Friday 22 February 2019

Electric Murphy Crowe chasing Olympic dream after changing lanes

Murphy Crowe in action for Ireland against Fiji in the World Rugby Women’s Sevens Series in Glendale, Colorado. Photo: IRFU
Murphy Crowe in action for Ireland against Fiji in the World Rugby Women’s Sevens Series in Glendale, Colorado. Photo: IRFU
Cian Tracey

Cian Tracey

In another world, Amee-Leigh Murphy Crowe's Olympic dream would still very much be focused on the track rather than a pitch with a rugby ball in her hands.

In her younger days, as a formidable sprinter and long-jumper, Murphy Crowe was always fixated by the prospect of wearing an Irish singlet on the world stage.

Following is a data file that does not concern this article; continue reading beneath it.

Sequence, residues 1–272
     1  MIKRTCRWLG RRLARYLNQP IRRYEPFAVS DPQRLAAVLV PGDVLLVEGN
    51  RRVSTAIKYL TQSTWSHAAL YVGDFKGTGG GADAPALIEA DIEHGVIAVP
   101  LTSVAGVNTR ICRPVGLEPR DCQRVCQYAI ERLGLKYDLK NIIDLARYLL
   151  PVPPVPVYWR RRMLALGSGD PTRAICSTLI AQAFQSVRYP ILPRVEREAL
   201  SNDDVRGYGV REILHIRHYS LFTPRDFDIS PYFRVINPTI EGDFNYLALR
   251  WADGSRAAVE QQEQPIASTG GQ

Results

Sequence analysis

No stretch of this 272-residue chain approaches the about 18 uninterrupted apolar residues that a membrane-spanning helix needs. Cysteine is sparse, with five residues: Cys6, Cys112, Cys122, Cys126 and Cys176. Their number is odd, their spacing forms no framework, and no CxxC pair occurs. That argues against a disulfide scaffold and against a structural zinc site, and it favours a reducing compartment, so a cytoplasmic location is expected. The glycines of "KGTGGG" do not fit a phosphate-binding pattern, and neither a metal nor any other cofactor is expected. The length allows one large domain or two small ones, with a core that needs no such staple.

It wasn't until she was 15, when her local rugby club in Tipperary started a women's team that her head was turned by the oval ball.

The oldest of five kids, growing up in Lattin, a small village beside Clanwilliam (home of former Ireland international Alan Quinlan), if you had told Murphy Crowe that she would become a household name and a genuine star on the World Sevens Series, the chances are she wouldn't have believed you.

Yet her she is now, as a 23-year old, who is one of the most lethal finishers on the circuit as her devastating speed regularly sees her top the try-scoring charts against the world's best nations and players.

Staggering

In her 29 caps (90 games as caps are won per tournament) to date, 19 of which were won on the World Series, Murphy Crowe has scored a staggering 58 tries, making her Ireland's most prolific sevens player ever.

"I take great pride in that because a lot of those tries were hard work from the girls," she tells the Irish Independent.